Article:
Conventional nixtamalization processes for producing fresh masa dough or instant masa flour have several disadvantages. For example, the time required for steeping places production limits on equipment and increases the space requirements for the manufacturing facility. Additionally, the process uses large amounts of water and generates large quantities of effluent waste water that must be treated prior to disposal. The waste water from the traditional nixtamalization is highly alkaline as large amounts of alkaline lime solution are used to cook, steep and hydrate whole kernels of corn. The highly alkaline waste streams (pH approximately 9-12) also have a high biological and chemical oxygen demand (BOD/COD) values and are a potential pollutant because of their composition and characteristics. Nejayote also contains large amounts of dissolved pericarp, soluble/dispersed starches and other corn material that cannot be ecologically discharged into water ways or municipal waste water systems. Nejayote has a chemical oxygen demand (COD) of approximately 2500 mg/liter, a biological oxygen demand (BOD) of approximately 8100 mg/liter and a suspended solids content of approximately 20,000 mg/liter. Nejayote also contains approximately 310 mg/liter of nitrogen and approximately 180 mg/liter of phosphorus.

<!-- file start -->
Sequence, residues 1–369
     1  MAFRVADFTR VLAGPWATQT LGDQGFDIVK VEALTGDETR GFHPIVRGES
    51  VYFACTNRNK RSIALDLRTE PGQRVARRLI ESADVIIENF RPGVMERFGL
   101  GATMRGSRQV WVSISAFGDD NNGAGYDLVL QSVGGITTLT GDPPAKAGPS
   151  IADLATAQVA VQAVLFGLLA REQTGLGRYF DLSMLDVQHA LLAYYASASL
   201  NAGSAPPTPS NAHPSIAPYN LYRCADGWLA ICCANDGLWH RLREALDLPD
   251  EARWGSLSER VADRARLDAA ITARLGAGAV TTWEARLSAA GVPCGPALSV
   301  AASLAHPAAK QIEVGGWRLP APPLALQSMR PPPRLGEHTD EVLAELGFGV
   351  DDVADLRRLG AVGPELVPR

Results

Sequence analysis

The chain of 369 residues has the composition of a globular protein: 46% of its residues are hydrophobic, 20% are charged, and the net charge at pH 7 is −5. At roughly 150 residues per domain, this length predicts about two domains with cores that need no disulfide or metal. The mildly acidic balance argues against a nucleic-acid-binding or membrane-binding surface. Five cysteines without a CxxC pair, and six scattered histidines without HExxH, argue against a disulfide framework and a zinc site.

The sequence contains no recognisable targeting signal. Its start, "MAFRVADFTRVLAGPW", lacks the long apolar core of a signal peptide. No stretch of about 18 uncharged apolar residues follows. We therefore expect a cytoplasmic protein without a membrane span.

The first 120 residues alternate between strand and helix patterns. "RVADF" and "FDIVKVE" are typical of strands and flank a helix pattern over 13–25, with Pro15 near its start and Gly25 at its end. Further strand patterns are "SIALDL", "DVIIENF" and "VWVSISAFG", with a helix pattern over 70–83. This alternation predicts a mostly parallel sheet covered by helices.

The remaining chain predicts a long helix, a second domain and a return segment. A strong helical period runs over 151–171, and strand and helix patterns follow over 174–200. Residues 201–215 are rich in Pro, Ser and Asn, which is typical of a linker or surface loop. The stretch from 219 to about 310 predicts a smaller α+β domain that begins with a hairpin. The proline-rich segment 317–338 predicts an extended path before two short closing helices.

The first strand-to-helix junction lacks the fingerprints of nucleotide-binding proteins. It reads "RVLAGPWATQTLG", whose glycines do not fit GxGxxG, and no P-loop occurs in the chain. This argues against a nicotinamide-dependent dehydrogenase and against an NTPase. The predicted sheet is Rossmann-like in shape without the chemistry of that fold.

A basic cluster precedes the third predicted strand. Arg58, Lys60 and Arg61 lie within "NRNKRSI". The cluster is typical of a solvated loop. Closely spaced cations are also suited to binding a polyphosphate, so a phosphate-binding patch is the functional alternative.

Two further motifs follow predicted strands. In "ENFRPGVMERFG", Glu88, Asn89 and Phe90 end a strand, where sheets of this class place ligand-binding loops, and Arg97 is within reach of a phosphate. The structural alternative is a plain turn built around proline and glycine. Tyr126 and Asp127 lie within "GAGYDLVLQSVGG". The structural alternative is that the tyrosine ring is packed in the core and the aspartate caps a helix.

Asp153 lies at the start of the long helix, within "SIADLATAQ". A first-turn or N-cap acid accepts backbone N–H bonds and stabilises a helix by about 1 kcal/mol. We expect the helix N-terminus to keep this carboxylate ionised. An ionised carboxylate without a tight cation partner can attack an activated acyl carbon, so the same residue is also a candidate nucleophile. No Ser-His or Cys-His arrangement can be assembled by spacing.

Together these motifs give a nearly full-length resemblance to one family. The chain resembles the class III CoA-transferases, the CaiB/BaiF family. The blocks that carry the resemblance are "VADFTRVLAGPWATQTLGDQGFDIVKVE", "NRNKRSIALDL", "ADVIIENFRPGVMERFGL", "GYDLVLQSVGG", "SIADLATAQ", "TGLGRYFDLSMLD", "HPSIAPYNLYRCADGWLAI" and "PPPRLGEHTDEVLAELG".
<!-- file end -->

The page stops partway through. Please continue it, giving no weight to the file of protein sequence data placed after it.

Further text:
Commercial alkaline corn facilities discharge alkaline wastewater in large sedimentation tanks or lagoons for disposal. The wastewater cleaning operation is accomplished by sedimentation and microbial degradation of corn solids. The wastewater, due to its alkalinity and solids content, cannot be directly discharged in the environmental water streams before proper neutralization and clean-up. Generally, the manufacturing facility must bear the cost of treating the waste water prior to discharge.
Alkaline waste and wastewater disposal is a major concern during commercial nixtamalization. Alkaline cooking, steeping and washing of the corn solids causes partitioning of corn solids between corn material and waste water. Loss of corn solids i.e. yield loss during nixtamalization and cost of effluent processing are considerable. In a commerical operation, corn solid loss has been estimated to vary between 5 to 14% depending on the type of corn. (Katz et al., (1974) Science 184:765; Khan et al., (1982) Cereal Chem. 59:279-284). The effluents generated during alkaline cooking of corn known as nejayote are potential pollutants because of their composition and characteristics.